30 September 2020
Victory for opposite-sex life partners as the court recognizes their right to inherit from each other
The Western Cape High Court handed down its judgment in the matter of Bwanya v The Master of the High Court & Others yesterday. The matter concerned the recognition of opposite-sex life partnerships for the purposes of intestate succession and maintenance of surviving spouses. The LRC represented the Commission for Gender Equality (CGE) as amicus curiae in the matter.
The Applicant in this matter was in a permanent opposite-sex life partnership and her partner died without a will. In terms of the Intestate Succession Act 81 of 1987 (ISA) and the Maintenance of Surviving Spouses Act 27 of 1990 (MSSA), opposite-sex life partners, like the Applicant, could not inherit and/or claim maintenance respectively as they were not considered spouses in terms of these laws.
As a result, the Applicant filed an application challenging the constitutionality of both the ISA and the MSSA for failing to recognize and include heterosexual life partners who have undertaken reciprocal duties of support as spouses for the benefit of inheritance and maintenance respectively.
The LRC welcomes yesterday’s judgment, in which the Court declared that section 1(1) of the ISA is unconstitutional and invalid insofar as it excludes the surviving life partner in a permanent heterosexual life partnership from inheritance. The Court held that the ISA is to be read as though the following words appear after the word spouse, “or a partner in a permanent opposite life partnership in which the partners had undertaken reciprocal duties of support.” In relation to the MSSA, the Court held that the finding by the Constitutional Court in the Volks vs Robinson judgment was binding on the court as a lower court so it could not make a finding in favor of the applicant in this regard. The declaration of invalidity will have to be referred to the Constitutional Court for confirmation.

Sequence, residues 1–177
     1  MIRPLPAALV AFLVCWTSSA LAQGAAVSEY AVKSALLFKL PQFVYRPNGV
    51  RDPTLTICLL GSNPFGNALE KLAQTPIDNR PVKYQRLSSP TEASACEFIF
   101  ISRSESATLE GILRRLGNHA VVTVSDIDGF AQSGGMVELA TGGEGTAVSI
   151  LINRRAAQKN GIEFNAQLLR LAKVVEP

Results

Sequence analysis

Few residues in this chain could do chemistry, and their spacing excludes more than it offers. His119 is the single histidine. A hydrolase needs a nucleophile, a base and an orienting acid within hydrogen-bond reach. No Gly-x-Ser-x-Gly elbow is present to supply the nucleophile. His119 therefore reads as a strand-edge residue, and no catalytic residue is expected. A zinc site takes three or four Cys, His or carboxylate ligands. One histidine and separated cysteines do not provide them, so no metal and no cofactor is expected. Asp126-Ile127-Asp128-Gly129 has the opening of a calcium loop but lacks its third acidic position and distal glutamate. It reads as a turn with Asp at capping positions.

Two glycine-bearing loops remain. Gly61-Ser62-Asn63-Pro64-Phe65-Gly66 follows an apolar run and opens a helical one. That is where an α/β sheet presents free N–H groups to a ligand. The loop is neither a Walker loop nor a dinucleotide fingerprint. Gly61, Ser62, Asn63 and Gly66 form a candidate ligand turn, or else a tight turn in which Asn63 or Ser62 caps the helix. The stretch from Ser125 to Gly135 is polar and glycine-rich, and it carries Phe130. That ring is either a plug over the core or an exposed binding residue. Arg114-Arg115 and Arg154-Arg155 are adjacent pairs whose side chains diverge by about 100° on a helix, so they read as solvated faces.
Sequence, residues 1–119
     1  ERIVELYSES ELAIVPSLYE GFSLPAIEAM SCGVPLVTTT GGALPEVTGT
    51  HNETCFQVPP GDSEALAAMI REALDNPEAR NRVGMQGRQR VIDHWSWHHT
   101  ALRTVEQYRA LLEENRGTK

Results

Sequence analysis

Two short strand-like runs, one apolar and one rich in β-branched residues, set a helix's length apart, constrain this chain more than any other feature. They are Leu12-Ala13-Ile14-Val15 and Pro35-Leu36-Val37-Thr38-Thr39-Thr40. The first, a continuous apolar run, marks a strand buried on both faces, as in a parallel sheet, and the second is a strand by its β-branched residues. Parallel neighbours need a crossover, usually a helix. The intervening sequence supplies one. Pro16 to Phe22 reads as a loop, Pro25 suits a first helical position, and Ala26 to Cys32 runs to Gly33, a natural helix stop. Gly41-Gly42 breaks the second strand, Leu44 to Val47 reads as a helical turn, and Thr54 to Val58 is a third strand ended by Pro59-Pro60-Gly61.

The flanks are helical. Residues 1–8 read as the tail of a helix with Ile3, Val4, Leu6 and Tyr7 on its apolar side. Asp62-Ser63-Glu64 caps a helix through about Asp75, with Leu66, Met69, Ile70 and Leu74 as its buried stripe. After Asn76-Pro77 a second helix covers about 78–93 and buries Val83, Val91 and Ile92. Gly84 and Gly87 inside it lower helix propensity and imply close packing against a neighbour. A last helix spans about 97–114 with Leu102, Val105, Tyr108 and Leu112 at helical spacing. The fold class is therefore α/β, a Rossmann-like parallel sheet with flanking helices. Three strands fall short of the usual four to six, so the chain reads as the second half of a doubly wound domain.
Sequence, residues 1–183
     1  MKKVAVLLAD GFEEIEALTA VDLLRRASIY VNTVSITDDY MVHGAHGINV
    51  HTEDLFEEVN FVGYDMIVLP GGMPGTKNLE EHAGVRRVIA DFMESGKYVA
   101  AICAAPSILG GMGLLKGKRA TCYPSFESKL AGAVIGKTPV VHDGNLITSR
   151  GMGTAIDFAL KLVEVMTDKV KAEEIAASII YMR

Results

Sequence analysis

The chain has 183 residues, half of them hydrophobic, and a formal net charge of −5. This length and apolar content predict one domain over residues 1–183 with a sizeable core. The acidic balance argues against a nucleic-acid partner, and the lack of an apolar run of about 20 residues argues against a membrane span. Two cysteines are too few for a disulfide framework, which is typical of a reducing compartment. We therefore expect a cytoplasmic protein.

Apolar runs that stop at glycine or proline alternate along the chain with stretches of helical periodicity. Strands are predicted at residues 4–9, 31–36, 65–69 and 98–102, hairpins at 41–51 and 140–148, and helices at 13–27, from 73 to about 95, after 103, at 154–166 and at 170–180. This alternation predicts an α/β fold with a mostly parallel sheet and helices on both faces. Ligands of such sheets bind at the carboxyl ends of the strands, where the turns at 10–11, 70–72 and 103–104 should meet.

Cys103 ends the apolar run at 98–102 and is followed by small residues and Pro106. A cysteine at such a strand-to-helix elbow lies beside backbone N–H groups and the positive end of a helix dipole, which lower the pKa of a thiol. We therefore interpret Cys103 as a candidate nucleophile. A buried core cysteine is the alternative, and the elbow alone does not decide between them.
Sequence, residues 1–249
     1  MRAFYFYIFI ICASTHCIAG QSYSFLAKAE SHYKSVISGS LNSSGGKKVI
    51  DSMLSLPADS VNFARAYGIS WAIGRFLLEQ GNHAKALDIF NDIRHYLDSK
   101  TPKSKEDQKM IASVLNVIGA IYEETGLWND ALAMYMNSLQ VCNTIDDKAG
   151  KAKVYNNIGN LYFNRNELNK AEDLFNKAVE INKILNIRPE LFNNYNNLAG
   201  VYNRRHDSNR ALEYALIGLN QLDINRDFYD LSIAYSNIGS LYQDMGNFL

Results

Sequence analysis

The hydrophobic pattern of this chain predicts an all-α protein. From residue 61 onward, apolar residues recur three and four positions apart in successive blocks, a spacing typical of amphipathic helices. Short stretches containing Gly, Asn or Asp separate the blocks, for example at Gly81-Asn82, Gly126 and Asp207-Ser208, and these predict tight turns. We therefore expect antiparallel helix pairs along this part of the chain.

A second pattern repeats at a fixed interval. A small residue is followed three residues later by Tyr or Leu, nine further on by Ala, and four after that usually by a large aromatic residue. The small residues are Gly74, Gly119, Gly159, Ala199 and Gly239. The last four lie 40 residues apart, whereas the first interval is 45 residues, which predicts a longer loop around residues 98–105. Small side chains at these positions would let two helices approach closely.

We welcome also the declaration of invalidity in relation to the ISA as it is an important development of the South African jurisprudence on the rights of opposite-sex permanent life partnerships. Often women in such relationships are vulnerable and suffer discrimination when the relationship is terminated by death. The decision is therefore a welcome development in advancing the rights of women to equality and dignity specifically in relationships.
Issued by the Legal Resources Centre
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